Shared goal to transport more goods by rail

The port of Emden has an excellent geographical location and is well connected to Germany's Ruhr district, among other places. On average, 30 inland waterway vessels and 35 seagoing vessels arrive in and depart from the port of Emden every week. From their office, Jan Remmers and his team have a view of the harbour area and shipping channel. "The view might be the best part of my job," says Remmers with a laugh. "But all joking aside, I consider it a privilege to work at the port. Working as a team to overcome the challenges each day brings, being right alongside goods as they're transhipped – you can't get any closer to logistics than this."  

Drei Menschen

Counting on team spirit 

Proven on the long haul: Sigrid Schoneboom, pulp dispatch, Jan Remmers, Managing Director at Anker Schiffahrt, and Jürgen Röher from DB Cargo together bring more than 60 years of experience in the service of Anker Schiffahrt Hafenlogistik. For them, doing their jobs well always means working together as a team. "We have a well-trained staff who are more than willing to work weekends if needed, for instance. Our customers will attest to our diligent work, zero wait times for ship, lorry and rail transport and our better-than-average productivity. To provide service like this, we have to work together."

For more than 25 years now, Jan Remmers and his team have worked closely with DB Cargo. Their shared goal is to provide customers with all-in-one packages and to keep shifting more goods to the rails – not least for environmental reasons. "Rail and inland waterway transport are our first choices for long-haul journeys, and not just because of their small carbon footprint," says Remmers. "One inland waterway vessel carries 56 lorry loads and a single rail wagon hauls the equivalent of two and a half lorries. Given the driver shortage we're facing today, those are huge advantages." The port of Emden has 24 usable kilometres of rail and, according to Jan Remmers and his team, the port has considerable potential to offer even more eco-friendly rail freight transports. The port experts agree that a second railway bridge over the Emder Delft, a harbour basin, would be an important addition to ensure rail connections are available for the outer harbour, the automotive plant and island transports. By cleverly linking road haulage and inland waterway transport, the trimodal – or even quadmodal – terminal at the mouth of the Ems could take even better advantage of its strength.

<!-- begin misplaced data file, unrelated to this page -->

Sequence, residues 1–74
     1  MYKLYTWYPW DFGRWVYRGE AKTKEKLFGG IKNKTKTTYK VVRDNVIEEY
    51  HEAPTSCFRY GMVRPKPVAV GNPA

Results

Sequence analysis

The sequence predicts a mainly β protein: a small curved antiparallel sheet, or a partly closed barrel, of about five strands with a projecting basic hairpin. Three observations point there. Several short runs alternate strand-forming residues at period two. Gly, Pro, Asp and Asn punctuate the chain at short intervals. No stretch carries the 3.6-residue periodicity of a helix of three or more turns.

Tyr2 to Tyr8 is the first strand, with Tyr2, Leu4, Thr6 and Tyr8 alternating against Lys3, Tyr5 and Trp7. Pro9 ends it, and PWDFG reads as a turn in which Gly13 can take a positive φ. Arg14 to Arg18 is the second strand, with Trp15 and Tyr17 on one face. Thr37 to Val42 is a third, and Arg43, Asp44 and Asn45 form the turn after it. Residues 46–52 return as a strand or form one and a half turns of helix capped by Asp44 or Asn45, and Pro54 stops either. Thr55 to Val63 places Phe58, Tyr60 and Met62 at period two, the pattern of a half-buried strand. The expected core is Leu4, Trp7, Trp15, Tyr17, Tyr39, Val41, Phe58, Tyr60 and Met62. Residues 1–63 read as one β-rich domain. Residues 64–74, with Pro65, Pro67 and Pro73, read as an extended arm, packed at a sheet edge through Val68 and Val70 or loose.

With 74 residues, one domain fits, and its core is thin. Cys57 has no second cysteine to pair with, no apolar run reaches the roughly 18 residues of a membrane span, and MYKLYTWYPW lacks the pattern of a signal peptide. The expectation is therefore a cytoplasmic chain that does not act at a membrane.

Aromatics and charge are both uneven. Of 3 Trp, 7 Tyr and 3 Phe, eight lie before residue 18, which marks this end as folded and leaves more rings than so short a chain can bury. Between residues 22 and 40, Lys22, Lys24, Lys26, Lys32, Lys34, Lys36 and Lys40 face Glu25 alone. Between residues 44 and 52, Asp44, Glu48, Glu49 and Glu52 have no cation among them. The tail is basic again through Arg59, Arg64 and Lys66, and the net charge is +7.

Ships, trains and HGVs – comparing carbon footprints

Around a quarter of the climate-damaging CO2 emissions in the transport sector in Germany are caused by HGV traffic. Compared to HGVs, freight trains cause around 80 per cent less CO2. Source: DB Cargo AG 


Martin Reiser

Leiter Pulp DB Cargo